Photography by Angie Myers Stylist Ana Gambino, Gambino Fashion Consulting Makeup by Nicole Greenhouse Models Rocky Buttery, Front Management and Gabrielle Montes de Oca, Posche Models Location Waterstone Resort and Marina Boca...
Among the regular patrons of the 128-year-old store were Elizabeth Taylor, Nancy Reagan, Barbara Bush and Condoleezza Rice.
"Why not try to be your very best every day?" asks Butts, creative director for the Voice of America.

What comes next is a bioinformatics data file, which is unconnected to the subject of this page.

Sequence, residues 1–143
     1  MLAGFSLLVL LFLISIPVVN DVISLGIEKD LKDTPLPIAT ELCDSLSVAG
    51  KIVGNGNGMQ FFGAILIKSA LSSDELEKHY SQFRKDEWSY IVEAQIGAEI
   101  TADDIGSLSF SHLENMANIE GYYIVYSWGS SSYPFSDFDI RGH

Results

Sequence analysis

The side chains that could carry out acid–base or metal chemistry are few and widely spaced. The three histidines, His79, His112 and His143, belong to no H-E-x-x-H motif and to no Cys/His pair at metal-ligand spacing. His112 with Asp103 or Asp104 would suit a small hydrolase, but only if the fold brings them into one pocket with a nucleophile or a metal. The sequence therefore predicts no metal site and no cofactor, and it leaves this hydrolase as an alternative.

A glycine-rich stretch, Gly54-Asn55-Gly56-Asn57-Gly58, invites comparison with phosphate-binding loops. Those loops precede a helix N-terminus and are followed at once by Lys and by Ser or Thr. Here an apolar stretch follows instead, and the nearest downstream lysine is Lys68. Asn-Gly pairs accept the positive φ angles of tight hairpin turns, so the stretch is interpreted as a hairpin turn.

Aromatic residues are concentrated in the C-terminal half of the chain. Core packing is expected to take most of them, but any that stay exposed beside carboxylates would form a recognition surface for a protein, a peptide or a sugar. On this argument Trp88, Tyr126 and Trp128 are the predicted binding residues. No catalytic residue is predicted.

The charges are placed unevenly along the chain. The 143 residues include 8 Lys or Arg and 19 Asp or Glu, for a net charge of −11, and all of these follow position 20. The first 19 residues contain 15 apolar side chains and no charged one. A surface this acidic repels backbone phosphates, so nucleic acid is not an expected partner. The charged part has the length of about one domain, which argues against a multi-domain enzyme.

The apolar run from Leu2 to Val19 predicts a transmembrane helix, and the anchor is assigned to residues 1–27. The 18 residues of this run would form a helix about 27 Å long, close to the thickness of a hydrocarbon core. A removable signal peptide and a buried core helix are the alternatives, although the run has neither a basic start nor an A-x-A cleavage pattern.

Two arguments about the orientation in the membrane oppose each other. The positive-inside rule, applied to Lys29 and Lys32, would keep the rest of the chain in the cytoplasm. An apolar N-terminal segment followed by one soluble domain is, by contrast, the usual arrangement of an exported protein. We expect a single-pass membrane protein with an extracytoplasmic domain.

Ten years after parting ways with his namesake brand, Joseph Abboud is as busy as ever—charting new retail concepts, suiting up presidential candidates, dressing NBC’s Olympics broadcast team and power-dressing Washington players at his one-year-old Streets of Georgetown store. “If I put a blindfold on either of you, and I helicoptered you in and dropped you in a mall somewhere in America, you wouldn’t know where you are,” said leading menswear designer Joseph Abboud, whose companies’ suits have been worn by both President Barack Obama and Republican challenger Mitt Romney. “That’s the problem with retail in America. It’s too homogenized.” Though it is fewer than 50 days from the general election, Abboud was not discussing politics. He was talking about his latest retail concept in men’s clothing stores—Streets of Georgetown—which created a major buzz when it opened its Wisconsin Avenue doors a year ago. And the buzz continues. The store’s focus on luxury tailored menswear has made it a destination for people seeking the best service and product for the best price. Abboud, who began his career as a salesman, has a deep passion for retail, and he delights in talking about the Streets concept. Abboud is best known for his contemporary design interpretations on traditional menswear. Beginning as director of merchandise at renowned Boston department store, Louis Boston, Abboud worked at Ralph Lauren in the early 1980s before launching his own line in 1986. Now, as chief creative officer at New York City-based HMX Group, the largest producer of tailored menswear in the country, Abboud enjoys updating historic American brands, such as Hart Schaffner Marx and Hickey Freeman, for a new generation. You saw his suits on everyone this past summer—from NBC’s announcers covering the London Olympics to Romney at the Republican National Convention. On top of that, Abboud is working hard on new projects, including a revitalized Argyleculture brand with hip-hop mogul Russell Simmons. The Streets concept is to provide a shopping showcase for HMX’s different menswear brands under one roof. HMX—which also owns the Bobby Jones, Sansabelt and Ivanka Trump labels—does the majority of its business in department stores. The company sells approximately 750,000 suits a year. Abboud wants to create a retail experience totally distinct from a department store or a mall. Currently, the only other Streets store is in Beverly Hills, Calif., Streets of Beverly Hills. HMX Group plans to open another Streets location in Chicago after it closes the Hickey Freeman flagship there. To make each store special, Abboud is keen on tailoring the store to its location and its clientele. “As you open these stores, you have to use them as sort of laboratories,” he said. Streets has been carrying small runs of exclusive products, just to see how the market responds to them. “Interestingly enough, the customer responded to our higher-priced product,” he said. The goal of Streets of Georgetown may be to get more Washingtonians in HMX suits, but Hickey Freeman is already a popular brand among politicos. “Politicians, we say, they buy sincere suits,” Abboud said. The salespeople at Hickey Freeman on Madison Avenue were quick to run down a list of names. “My colleague, he dresses Rick Lazio [former U.S. Representative from New York],” said Ines Hyun, a sales associate at the store. “The senator from Nevada, Harry Reid, he comes in here once a year, twice a year. Mitt Romney has been coming here for the last ten years. Since he’s so famous, now we go [to him].” Stephen Pindar, another sales associate, dressed Romney when he ran for the Republican nomination in 2008. “Now, he chooses something that’s a little more of an off-blue color, this kind of color,” said Pindar, pointing to a medium dark blue shirt. “Not a navy blue, but he prefers something that’s a little more of a medium blue, a softer blue.” Of course, Abboud delights in seeing his designs on both presidential candidates. “They’re both tall and lean and, you know, the interesting thing is that Obama wears Hart Schaffner Marx, and the governor wears Hickey Freeman,” he said. “We’re politically correct, whether we want to be or not.” Obama wore a Hart Schaffner Marx tuxedo for his inaugural balls in January 2009. The suits are perfect for politicians, given that they are made in American factories. “We’re all trying to protect American icons, American jobs,” said Abboud. “It doesn’t matter whether you’re a Democrat or a Republican. Those are important things. You know, it isn’t appropriate for the President of the United States to be wearing a suit made in Italy.” That concern by politicians proved invaluable last month, when New York Democrats, Sen. Chuck Schumer and Rep. Louise Slaughter, helped to secure additional lines of credit for HMX. As more American manufacturing has been lost overseas, American-made products are finally starting to have a resurgence among a growing number of consumers looking to support American jobs. This summer, Abboud had his biggest opportunity yet to argue that made-in-America is best. In July, many Americans were outraged when they learned the U.S. Olympic Team would be outfitted in Ralph Lauren uniforms that were manufactured in China. Sen. Kirsten Gillibrand, D-N.Y., introduced a bill to ensure that future teams’ uniforms would be made in the U.S.A. Senate Majority Leader Harry Reid suggested that the Olympic Committee “burn [the uniforms] and start all over again.” Doug Williams, CEO of HMX Group, offered another solution. Hickey Freeman, at its factory in Rochester, N.Y., could manufacture new uniforms for the entire team before the opening ceremonies in London, then only two weeks away. Cutting, sewing and tailoring uniforms for 539 athletes in only two weeks sounds like a tall order, but for HMX Group it would have been anything but. The apparel conglomerate employs a small army of workers in factories in Chicago, Rochester and Toronto. The team ended up keeping the original uniforms, but viewers watching the Olympics still saw plenty of Hickey Freeman designs on Bob Costas, Matt Lauer and Pat O’Brien. All of NBC’s on-air presenters were outfitted by Hickey Freeman. Abboud has worked with NBC anchors since he began dressing Bryant Gumbel for the Today Show in 1988. “I know how to offer them the things they liked. So, they’ve always felt comfortable, and they’ve trusted me,” Abboud said. “So, that’s why I think the networks have always come back to me. They say, ‘Would you do it? Because our guys want to work with you.’ ” In addition to dressing TV news anchors, Abboud frequently recruits sports figures to market his lines. New York Yankees first baseman Mark Teixeira served as spokesman for Hart Schaffner Marx in 2008, and Sean Avery, the recently retired left wing for the New York Rangers, was the face of Hickey Freeman’s spring-summer ad campaign. In recent years, Avery has made a foray into the fashion industry by interning at Vogue and serving as a guest judge on Lifetime’s “Project Runway: All-Stars.” To Abboud, Avery represents a new menswear consumer, the likes of which have boosted market sales over the past few years. “You know, guys love clothes,” he said. “It’s really funny. There’s always been this sort of taboo. You don’t want to be, you know, too interested. Those things are all gone, and guys now are starting to know about it. There’s more information on the Internet. They want to know about heritage brands.” In this stage of his career, Abboud is eager to share his knowledge with young men and believes he’s been focused on his role as an educator. “I’ve thought that I was a teacher more than a designer, because I always wanted to teach,” he said. When he graduated University of Massachusetts Boston in 1972 with a degree in comparative literature, he originally wanted to be a teacher but instead took a full-time sales position at Louis Boston. Getting a well-positioned storefront in Georgetown was half the battle to get the brands to younger customers. Inside, Streets of Georgetown is sophisticated, not stuffy. The store’s salesmen are hip and extremely knowledgeable about men’s style. Abboud holds them in high regard. “They’re kind of like emissaries,” he said. “They’re spreading the word.” For Abboud, updating HMX Group’s brands for younger consumers while preserving the company’s traditional roots is his most important role. “There’s a discipline to the brand DNA,” he said. “Knowing how to stretch it but not breaking it or going outside of it.” This strategy should come as no surprise. Abboud’s style has always been on the more progressive side of traditional menswear. He started his own line in 1986, because he felt boxed in by the status quo at Ralph Lauren, where he was associate director of menswear design. At Hickey Freeman, he’s introduced slimmer silhouettes and subtle European details on jackets like ticket pockets and double-vents. “He comes out with a nice soft shoulder, you know, patch pockets, and he also likes to use really, really fine fabrics,” said Hyun, the sales associate at Hickey Freeman’s Madison Avenue store. “Hickey Freeman needs to go fashion-forward a little bit. Joseph is introducing us to a younger generation. So, that’s where I think he comes in. It helps us a lot.” Abboud’s design philosophy at HMX Group may be best explained in a portrait of Hickey Freeman co-founder Jacob Freeman on the wall of Abboud’s office. “I had him framed in cashmere, and he always looks over my shoulder so I do the right thing,” said Abboud, who considers working for these legendary American brands “an unbelievable privilege.” Inside Streets of Georgetown, the tools of the trade are on display. Spools of thread, bolts of fabric and sketches of suits evoke the bespoke tailoring and hand-made quality of the store’s luxury goods. On the second floor, photos feature architectural highlights of Union Station and other D.C. landmarks. The space is remarkably similar to Abboud’s office on Park Avenue in Manhattan, which has a view of the statue of Mercury which graces the exterior of Grand Central Terminal. Both spaces have been furnished by Restoration Hardware. “I have a really good relationship with them,” Abboud said of the home furnishings retailer. “I love it, because it has this sort of French boulevard feel to it. I love the color pallette. I love the distressed woods. They do a great job.” Like HMX Group, Restoration Hardware is exploring a new retail concept to attract new customers. Since 2010, it has begun opening new, larger-than-life flagship locations dressed up with in-house flower shops and valet parking. In Boston, the houseware company has leased the historic former New England Museum of Natural History, a 40,000-square-foot building built in 1863. “They’re forcing a customer to look at life with a more sophisticated taste level,” Abboud said. “I like that.” Apart from vacationing on Nantucket, gardening, and cheering for the Boston Red Sox at Fenway Park, the 62-year-old designer recently bought a property in Chestnut Hill, Mass., and is working “with some folks from Restoration Hardware to do some cool stuff with it,” he said. “[The building] was built in 1887, the same year that Hart Schaffner Marx was established.” With all of his work, it doesn’t seem fair that Abboud’s name doesn’t even appear on the labels of his current designs. “There’s no celebrity aspect to this thing,” Abboud said. “Everybody’s a celebrity today. It’s much more about being proud of your work. . . . The greatest accomplishment for me is to see someone who doesn’t know who I am buying something I designed and walking out of the store and being very happy about it.” “So, that’s, for me, what I’ve done my whole life—be proud of the work I’ve done . . . try to do the best for my customer. You know, you can’t ask for more than that.” [gallery ids="102479,120460,120455,120465,120438,120445,120471" nav="thumbs"]